Reel Society

Reviews for the latest movies in theaters and on DVD.

Bright Star

Bright Star
Review by Matt Starr
“When I turned 50 I thought it was time I made some piece with poetry” were the words of Jane Campion as she answered the first question at the Variety screening of her latest film Bright Star.

    The film takes place in Hampstead, England during the final few years in the life John Keats (Ben Whishaw) with the focus of the story being the relationship between Keats and his muse Fanny Brawne (Abbie Cornish). I am going to say right away that this was personally a difficult film for me to get involved in. For some reason I can’t get into romantic period pieces although once in a while an Atonement comes along and I thoroughly enjoy it. However there was something lacking within the screenplay for Bright Star which made it slow at times and difficult to connect to.

    Perhaps the story was lacking a true antagonist? Keats best friend in the film, Charles Armitage Brown (Paul Schneider), is a semi villain in that he tries to keep John and Fanny separated for his own selfish reasons but never in the film does he truly mean harm towards either. The personal scenes of the two main characters are very quiet and sensual where as in most films like this today there are almost always scenes of romantic intensity.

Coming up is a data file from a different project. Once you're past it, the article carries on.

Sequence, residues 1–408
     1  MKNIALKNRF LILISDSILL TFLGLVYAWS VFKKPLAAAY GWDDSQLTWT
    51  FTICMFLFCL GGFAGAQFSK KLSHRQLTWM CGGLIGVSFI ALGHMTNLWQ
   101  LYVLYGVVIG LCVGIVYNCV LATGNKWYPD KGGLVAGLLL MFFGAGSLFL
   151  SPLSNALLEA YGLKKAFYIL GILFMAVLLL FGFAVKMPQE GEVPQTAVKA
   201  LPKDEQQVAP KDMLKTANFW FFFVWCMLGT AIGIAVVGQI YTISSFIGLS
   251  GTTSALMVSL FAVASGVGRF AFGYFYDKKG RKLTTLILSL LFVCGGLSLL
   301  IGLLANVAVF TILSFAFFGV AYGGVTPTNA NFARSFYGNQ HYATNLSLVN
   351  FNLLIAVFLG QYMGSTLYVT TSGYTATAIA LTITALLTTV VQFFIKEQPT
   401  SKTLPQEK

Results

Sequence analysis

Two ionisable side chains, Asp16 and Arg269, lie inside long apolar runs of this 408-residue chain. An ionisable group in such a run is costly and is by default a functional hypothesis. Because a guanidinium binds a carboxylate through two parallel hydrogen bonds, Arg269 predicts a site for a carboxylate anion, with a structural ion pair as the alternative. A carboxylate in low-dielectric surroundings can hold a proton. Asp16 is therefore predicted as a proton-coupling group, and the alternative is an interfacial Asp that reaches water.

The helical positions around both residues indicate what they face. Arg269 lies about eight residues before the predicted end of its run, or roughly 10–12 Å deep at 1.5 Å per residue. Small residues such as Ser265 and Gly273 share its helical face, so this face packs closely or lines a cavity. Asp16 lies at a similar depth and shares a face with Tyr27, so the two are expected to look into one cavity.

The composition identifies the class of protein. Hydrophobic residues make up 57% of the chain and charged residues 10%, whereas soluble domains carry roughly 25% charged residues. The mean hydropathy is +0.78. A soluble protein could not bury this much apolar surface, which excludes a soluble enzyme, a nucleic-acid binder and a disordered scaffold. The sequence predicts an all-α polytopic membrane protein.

I can’t fault any of the technical aspects. The costumes are vivid and the scenery eye catching. Bright Star is very well shot with some of the film’s best scenes involving no dialog at all. The performances are all convincing to say the least. Whishaw is more than a believable Keats. Schneider I have always liked (Jesse James, Lars and the Real Girl) and he shows even more range here. Eventually Paul will land a starring role where he can shine.

    The bright star of the film though is indeed the actress playing Keats’ Bright Star. Abbie Cornish is already being compared to Kate Winslet by A.O Scott in the New York Times. Now I won’t make that comparison just yet but Cornish displays tremendous talent here. There is a scene towards the end of the film in which she learns of Keats fate that is as well acted a scene as I have laid my eyes on in some time.

When asked about the scene from an audience member Campion explained that Cornish had been devastated by the loss of fellow Australian and close friend Heath Ledger and that she had been holding in her feelings and finally let it out during filming. She was able to dig down and extract something very deep that you don’t see too often on film. I am eager to see her next performance as well as her other work.

Outside of that grand performance though I have to say I was a little disappointed in the movie. Even though poetry and period films are not on my list of interests I still thought I would have had a greater reaction to the story but it just didn’t happen for me.

3 / 5 stars 

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